Wednesday, December 26, 2012

Sri Lanka: Impossibly Beautiful

I was under a decade old when I was given my very first globe. I distinctly recall playing my favorite past-time one afternoon, spinning the globe and seeing what remote place my finger would land on, when I was introduced to the small island nation in the Indian Ocean: Sri Lanka. I remember picking my mother's brain for information and learning to pronounce this faraway land with an "sh" emphasis - Shri Lanka.


Having not yet developed my insatiable travel curiosity, Sri Lanka was placed into a filing cabinet in the back of my mind and remained a remote place that only existed in books and movies. Never did I imagine that I'd find myself 15 years later in the very place my little finger touched on the globe.

I was initially attracted to Sri Lanka because tourism has not yet hit here as it has exploded in Southeast Asia. Word among travelers was it's an ideal time to visit before the masses discover Sri Lanka's impossible beauty.
By the shore in Colombo, Sri Lanka
Since the travel path remains relatively unbeaten, the country lacks an abundance of tourist infrastructure and an ideal route is still being paved. Along with the nature of a less touristic place comes many challenges,which can be more rewarding once overcome. With so many wonderful places to visit, public transportation tending to only go certain way and without much up-to-date transit information, we found it initially hard to devise a logical route in Sri Lanka.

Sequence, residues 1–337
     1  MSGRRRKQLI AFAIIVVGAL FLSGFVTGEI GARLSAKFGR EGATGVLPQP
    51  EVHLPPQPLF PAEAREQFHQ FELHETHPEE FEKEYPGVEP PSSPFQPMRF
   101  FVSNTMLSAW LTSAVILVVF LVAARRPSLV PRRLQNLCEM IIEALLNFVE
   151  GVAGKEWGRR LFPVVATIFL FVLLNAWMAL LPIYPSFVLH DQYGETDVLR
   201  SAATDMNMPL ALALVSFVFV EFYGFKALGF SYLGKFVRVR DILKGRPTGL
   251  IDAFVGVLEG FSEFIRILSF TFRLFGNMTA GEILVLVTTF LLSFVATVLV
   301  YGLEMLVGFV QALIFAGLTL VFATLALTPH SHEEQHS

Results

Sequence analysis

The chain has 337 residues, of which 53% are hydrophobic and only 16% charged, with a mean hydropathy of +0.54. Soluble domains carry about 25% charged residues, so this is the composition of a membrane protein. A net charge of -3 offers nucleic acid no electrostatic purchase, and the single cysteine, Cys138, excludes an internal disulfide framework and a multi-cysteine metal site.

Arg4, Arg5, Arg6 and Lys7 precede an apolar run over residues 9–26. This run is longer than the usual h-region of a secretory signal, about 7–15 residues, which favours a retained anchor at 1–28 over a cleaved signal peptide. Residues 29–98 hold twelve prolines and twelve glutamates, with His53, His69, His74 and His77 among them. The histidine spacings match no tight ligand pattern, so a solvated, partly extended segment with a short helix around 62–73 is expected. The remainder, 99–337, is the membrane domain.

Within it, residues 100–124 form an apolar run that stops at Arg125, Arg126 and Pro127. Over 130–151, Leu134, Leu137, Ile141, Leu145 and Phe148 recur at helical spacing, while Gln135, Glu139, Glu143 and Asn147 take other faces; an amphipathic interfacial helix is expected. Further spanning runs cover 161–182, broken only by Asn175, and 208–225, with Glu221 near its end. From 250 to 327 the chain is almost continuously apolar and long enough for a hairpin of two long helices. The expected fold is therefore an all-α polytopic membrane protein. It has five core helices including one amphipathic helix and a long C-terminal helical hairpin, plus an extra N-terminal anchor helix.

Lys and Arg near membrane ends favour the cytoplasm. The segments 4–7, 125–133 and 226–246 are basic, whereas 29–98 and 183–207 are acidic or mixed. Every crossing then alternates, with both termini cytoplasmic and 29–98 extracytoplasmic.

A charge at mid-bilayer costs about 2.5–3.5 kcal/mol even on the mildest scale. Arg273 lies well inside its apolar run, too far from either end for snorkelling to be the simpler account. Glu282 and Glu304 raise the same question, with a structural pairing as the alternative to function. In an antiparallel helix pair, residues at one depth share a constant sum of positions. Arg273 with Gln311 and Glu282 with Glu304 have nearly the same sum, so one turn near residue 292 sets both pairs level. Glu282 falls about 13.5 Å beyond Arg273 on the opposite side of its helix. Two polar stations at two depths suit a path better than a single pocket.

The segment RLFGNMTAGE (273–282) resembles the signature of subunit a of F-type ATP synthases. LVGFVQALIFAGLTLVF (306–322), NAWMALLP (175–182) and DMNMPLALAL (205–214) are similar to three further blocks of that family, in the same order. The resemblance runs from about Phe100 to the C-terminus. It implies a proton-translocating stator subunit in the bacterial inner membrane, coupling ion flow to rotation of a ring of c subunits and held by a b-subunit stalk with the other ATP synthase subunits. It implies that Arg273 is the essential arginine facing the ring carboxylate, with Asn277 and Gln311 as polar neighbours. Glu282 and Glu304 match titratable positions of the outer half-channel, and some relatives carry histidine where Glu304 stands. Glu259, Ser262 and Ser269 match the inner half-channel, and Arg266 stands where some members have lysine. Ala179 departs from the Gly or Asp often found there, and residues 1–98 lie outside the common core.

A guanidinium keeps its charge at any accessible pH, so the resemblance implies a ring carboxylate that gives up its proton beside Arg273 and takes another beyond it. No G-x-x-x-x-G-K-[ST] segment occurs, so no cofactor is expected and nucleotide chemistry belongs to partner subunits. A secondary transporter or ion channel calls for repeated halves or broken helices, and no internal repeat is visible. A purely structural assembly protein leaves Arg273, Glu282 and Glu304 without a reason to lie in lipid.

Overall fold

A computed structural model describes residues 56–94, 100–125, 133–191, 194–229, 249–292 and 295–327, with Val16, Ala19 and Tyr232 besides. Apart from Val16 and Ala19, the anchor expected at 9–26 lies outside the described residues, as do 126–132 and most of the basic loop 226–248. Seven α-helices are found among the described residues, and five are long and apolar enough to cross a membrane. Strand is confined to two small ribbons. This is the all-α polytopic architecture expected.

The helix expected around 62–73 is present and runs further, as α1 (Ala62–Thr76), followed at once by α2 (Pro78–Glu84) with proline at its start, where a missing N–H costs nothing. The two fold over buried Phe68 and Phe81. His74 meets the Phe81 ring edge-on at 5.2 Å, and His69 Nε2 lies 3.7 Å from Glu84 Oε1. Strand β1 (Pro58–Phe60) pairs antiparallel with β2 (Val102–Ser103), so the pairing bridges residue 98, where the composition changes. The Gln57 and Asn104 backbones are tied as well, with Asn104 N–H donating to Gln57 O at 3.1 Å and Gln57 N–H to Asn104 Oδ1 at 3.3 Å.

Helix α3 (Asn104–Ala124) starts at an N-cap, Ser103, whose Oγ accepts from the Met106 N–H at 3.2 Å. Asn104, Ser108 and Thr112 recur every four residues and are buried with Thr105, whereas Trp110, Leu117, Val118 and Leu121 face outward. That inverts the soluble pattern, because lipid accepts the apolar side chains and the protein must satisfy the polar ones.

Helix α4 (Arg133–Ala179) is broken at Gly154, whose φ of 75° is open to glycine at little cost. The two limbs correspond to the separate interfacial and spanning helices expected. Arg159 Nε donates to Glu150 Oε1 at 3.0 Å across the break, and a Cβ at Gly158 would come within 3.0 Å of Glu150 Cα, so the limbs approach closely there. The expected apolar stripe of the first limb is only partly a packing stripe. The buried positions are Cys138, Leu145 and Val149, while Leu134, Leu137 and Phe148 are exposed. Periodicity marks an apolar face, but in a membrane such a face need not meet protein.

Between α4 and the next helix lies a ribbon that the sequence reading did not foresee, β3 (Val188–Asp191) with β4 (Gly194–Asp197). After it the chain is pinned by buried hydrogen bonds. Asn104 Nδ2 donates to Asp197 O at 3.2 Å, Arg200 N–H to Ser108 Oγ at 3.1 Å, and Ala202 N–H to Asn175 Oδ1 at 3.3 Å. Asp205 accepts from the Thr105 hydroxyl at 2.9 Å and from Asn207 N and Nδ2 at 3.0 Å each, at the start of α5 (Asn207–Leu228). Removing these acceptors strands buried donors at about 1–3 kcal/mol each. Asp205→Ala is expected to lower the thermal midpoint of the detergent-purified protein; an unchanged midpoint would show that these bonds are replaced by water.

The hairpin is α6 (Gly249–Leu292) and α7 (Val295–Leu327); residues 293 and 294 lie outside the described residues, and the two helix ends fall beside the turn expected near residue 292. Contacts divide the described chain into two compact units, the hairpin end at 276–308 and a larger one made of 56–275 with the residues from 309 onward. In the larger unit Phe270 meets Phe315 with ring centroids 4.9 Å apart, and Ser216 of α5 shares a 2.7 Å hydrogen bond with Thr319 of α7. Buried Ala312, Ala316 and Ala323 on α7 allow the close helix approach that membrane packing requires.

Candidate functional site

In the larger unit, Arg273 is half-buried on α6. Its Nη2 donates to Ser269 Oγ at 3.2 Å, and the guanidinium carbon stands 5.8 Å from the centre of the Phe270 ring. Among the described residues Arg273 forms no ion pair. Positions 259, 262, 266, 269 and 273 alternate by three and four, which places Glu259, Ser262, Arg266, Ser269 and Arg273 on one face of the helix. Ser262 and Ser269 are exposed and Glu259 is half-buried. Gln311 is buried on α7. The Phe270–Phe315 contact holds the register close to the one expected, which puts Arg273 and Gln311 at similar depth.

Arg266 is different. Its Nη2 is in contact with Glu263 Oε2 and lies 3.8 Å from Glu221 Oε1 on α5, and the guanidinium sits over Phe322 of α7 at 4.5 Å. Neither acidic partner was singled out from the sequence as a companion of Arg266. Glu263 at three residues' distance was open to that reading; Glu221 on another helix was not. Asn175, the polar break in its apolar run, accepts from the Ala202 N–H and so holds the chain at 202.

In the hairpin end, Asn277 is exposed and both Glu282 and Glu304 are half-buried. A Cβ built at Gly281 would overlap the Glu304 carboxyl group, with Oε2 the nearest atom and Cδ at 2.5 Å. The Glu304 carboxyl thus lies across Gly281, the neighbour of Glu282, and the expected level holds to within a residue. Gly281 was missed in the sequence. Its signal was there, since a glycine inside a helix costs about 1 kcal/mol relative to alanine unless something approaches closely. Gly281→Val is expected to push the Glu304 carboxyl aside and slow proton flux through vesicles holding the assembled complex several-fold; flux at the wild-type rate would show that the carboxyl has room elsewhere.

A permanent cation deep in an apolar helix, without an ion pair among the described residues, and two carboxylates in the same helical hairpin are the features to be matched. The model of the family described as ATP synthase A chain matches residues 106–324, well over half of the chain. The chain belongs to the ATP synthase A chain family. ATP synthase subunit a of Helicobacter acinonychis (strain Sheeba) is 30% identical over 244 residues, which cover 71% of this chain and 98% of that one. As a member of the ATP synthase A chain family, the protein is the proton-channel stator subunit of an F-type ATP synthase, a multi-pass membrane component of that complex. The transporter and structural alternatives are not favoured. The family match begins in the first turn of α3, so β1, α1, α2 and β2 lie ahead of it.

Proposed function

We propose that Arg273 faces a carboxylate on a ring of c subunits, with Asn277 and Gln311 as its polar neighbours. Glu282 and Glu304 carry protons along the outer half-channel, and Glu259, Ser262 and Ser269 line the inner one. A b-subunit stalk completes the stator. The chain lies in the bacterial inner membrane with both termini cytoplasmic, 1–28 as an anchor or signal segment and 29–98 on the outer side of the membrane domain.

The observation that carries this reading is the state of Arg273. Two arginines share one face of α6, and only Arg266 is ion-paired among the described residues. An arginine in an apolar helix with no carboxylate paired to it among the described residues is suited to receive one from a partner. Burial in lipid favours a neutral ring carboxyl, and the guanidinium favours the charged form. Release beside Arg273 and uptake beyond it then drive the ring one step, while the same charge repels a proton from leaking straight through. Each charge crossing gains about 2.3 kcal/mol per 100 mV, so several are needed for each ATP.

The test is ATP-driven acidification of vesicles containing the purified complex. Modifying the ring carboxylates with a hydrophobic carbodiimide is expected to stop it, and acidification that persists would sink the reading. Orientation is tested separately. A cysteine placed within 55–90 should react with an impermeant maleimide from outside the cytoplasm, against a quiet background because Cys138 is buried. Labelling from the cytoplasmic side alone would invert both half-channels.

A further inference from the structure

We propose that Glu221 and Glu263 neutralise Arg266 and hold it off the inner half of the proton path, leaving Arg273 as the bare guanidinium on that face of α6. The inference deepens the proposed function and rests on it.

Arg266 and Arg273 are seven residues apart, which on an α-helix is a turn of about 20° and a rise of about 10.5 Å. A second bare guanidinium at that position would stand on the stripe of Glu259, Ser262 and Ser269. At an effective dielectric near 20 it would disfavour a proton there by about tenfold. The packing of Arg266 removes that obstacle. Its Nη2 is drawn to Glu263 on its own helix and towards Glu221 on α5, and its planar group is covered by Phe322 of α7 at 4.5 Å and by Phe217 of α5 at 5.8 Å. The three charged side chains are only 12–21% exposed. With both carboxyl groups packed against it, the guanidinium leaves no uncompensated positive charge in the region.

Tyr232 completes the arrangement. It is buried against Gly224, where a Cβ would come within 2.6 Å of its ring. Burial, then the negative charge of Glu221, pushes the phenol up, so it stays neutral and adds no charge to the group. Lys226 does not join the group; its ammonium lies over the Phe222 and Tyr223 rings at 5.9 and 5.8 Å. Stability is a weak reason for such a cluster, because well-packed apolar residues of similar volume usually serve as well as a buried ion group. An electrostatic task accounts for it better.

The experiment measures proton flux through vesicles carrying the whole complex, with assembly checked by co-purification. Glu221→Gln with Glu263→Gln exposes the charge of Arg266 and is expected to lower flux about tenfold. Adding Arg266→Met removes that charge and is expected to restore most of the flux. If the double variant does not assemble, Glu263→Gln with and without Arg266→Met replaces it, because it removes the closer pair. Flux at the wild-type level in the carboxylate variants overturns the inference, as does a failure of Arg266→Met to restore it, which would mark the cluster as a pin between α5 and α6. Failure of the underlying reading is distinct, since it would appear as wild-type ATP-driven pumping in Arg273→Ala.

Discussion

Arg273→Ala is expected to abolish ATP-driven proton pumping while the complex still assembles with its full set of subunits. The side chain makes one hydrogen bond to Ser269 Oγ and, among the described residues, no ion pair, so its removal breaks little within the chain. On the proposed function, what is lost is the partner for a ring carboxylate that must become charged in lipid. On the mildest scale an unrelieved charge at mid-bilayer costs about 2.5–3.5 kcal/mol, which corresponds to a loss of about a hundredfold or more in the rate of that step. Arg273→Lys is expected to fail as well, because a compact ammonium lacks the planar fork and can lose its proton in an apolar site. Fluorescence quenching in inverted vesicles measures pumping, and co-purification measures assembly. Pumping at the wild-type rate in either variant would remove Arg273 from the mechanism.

Many tourists opt to spend more cash and hire a driver to take them around the island. But, the public transportation is enticingly cheap. As long-term travelers, we were sold on the local transit at a meager thirty cent per hour being the average cost. (For example, a 4-hour bus was about $1.25. Hugely cheaper than even Southeast Asia!)
Emily and I after visiting one of many tea plantations & factories
 Sri Lanka is a huge exporter of tea!